We know Oscar Gonzalez is fast. We know Oscar Gonzalez can hit the ball hard. Now we know he can also throw the ball hard, as well.
Baseball Savant released its latest argument-silencing metric yesterday, revealing just who actually has the strongest throwing arm in the majors. Surprising takeaways included Nolan Arenado being merely average, José Ramírez actually coming in below average with his apparently leaky hose, and of all people Royals right fielder Nate Eaton in possession of the strongest arm in baseball with a 98.1 mph throw speed. In fifth though, SpongeBob himself, Cleveland’s own Oscar Gonzalez clocking a 96.3 mph average throw velocity. He’s been something special all year, a heap of potential and wonder, and this is just one more thing to fill up his toolbox.
We all know his flaws. He swings and misses at bad pitches too much (46.8% chase rate against the league average of 28.4%) and for all his power (91st percentile max exit velocity) he hits too many grounders and just doesn’t square up enough pitches with consistency. He’s also incredibly strong, built like a linebacker, and runs like a gazelle. If ever there was a heap of raw material that could become something, this is it. If he were an amateur, any scout worth his salt would break their neck getting him in the system.
The closest comparison, especially with this new arm strength metric, is Oneil Cruz on the Pirates. Like Cruz, Gonzalez throws, runs, and hits the ball super hard, it’s just that polish that he’s sorely lacking. Usually, when a guy is described as “toolsy” it’s some small dude who can kind of do everything decently, and they inevitably end up as a bench piece or utility guy. That seems wrong though, or at least a misnomer. For me, and what makes sense, is having a guy that has all the tools, and the raw materials that if put to correct use could be incredible. Cruz is that, and so is Gonzalez. It’s amazing on a team that has this many polished young players, you have essentially a tornado of chaos barely restrained into a baseball player, who wants nothing more than to smile, mash, and heave the ball.
That’s where it gets interesting. Gonzalez, as he is now, is eminently exploitable for pitchers. He does well against sliders and changeups — Savant giving him a +7 and +2 run value on those pitches — but fastballs kill him. A big part of this is, again, his incredible love of just swinging that damn bat. Usually, hitters do their most damage against the fastball. If anything it’s the goal of any hitter to actually get the pitcher to throw more fastballs, and then abuse them. That’s what Aaron Judge has done to great effect; it’s what powers Vladimir Gurrero Jr., and really any great hitter. The leaderboard of run values on four-seamers is basically just a list of all the best hitters, and then way down tied for 308th is Gonzalez. It’s odd, but again speaks to his willingness to destroy. He sees a fastball and he swings. He just gets eaten up by high fastballs, specifically.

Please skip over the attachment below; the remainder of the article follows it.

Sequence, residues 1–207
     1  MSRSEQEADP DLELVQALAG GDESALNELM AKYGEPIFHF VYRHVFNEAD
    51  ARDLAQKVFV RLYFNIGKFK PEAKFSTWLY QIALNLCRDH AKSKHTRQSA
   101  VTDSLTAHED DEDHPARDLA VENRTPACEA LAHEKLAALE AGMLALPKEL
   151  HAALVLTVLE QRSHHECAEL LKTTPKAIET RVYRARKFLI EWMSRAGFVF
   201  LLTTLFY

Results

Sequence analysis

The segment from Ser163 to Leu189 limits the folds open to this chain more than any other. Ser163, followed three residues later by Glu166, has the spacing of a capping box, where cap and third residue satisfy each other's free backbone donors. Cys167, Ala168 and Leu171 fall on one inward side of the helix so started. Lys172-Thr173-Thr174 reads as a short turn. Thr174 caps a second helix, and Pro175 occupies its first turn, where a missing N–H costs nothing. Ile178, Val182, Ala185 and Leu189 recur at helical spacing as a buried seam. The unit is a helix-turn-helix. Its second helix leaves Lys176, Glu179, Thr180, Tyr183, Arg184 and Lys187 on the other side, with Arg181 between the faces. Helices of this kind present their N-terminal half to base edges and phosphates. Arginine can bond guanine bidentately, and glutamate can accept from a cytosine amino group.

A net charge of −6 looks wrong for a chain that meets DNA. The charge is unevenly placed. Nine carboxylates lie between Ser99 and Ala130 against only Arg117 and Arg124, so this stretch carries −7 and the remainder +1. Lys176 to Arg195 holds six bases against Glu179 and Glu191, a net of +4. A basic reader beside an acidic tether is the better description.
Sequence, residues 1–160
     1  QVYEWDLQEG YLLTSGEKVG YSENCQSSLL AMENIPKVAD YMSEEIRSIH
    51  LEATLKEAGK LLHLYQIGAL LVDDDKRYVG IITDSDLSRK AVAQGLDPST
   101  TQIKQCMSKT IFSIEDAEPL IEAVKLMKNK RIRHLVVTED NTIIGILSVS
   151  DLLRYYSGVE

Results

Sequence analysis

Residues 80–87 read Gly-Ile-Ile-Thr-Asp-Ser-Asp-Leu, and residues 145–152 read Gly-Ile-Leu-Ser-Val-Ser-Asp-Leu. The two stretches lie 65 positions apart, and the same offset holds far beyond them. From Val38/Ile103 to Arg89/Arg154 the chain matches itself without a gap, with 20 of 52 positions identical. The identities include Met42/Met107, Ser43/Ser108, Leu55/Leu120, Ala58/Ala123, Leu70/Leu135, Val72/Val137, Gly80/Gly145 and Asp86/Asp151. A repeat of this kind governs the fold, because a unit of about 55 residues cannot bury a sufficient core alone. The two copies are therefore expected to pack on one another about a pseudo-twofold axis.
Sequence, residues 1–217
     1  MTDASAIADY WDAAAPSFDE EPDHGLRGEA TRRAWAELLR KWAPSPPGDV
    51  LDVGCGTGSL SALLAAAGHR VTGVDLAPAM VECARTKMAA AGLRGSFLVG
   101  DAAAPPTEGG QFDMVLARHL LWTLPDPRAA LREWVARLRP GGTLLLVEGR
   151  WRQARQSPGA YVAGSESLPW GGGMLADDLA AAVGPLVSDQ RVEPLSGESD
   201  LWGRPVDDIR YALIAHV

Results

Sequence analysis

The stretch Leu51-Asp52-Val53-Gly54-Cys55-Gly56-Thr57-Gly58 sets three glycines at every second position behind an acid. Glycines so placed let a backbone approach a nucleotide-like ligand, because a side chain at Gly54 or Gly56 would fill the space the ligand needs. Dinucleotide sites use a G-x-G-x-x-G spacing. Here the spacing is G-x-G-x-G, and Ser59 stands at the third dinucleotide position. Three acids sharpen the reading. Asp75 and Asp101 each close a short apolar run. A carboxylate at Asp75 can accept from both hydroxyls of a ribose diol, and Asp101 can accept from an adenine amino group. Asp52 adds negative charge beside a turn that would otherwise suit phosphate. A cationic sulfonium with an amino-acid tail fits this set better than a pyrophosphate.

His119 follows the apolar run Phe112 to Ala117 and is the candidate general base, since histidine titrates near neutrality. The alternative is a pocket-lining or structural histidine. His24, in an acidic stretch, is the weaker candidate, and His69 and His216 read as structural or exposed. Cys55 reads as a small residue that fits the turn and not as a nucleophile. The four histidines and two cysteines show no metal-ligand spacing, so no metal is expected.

This seems like a potentially adjustable situation, but how many times do we need to get enamored of Tyler Naquin only for him to stagnate?
What do you do with a player like this? With all that’s coming up from the minors, and the true cream of the crop has yet to make its way up, how do you find time to make it work with Gonzalez? On top of that, is there already any space for him in the outfield? if it were a couple of years ago, they could take the long view, but it feels like the window is beginning to open in earnest. They won the division a little earlier than they expected, but now that we have a baseline it’s fair to question what happens here.
It reminds me a bit of Tim Anderson. Anderson was never a big walk guy and famously got into baseball later in life than normal. He’s just such a supreme athlete that he was able to steadily improve year after year and become a fringe MVP-level player. Gonzalez is already way past where Anderson was even 400 games into his own career offensively, but Anderson had the luxury of playing for a terrible team for years and got to grow into his role. Plus he was good with a glove and plays shortstop, and I think we’re all familiar with playing an all-glove, no-bat guy at a key defensive position and then hoping for the best at the plate.
Outside of his arm, Gonzalez is dreadful defensively despite being one of the fastest 10% of players in the majors, finding himself in the 11th percentile of outs above average and in the 14th percentile in outfielder jump. Those feel like comfort issues as much as anything, but again, with what’s banging on the door the next year or so, along with who’s already on the squad, does the team try to make him work as a right fielder?
There’s no denying that Gonzalez is a tantalizing pack of tools. How can you not fall in love with a guy who hits the ball super hard when he runs into one, can sprint like Usain Bolt, and has a goddamn cannon on his shoulder? This is literally the raw clay that can be shaped into a superstar. And of all the organizations to have a guy like this, especially with what we’ve seen Chris Valaika, in particular, do for some of the young guys on the big club, he couldn’t be in a better place. He’s earned a place on the 2023 roster obviously, and it would be wonderful to see him make those small changes in launch angle and plate discipline that would truly unlock him as an offensive marvel. I’ve written that sentence too many times in the last decade or so, but it would be fun to have it work out this time around.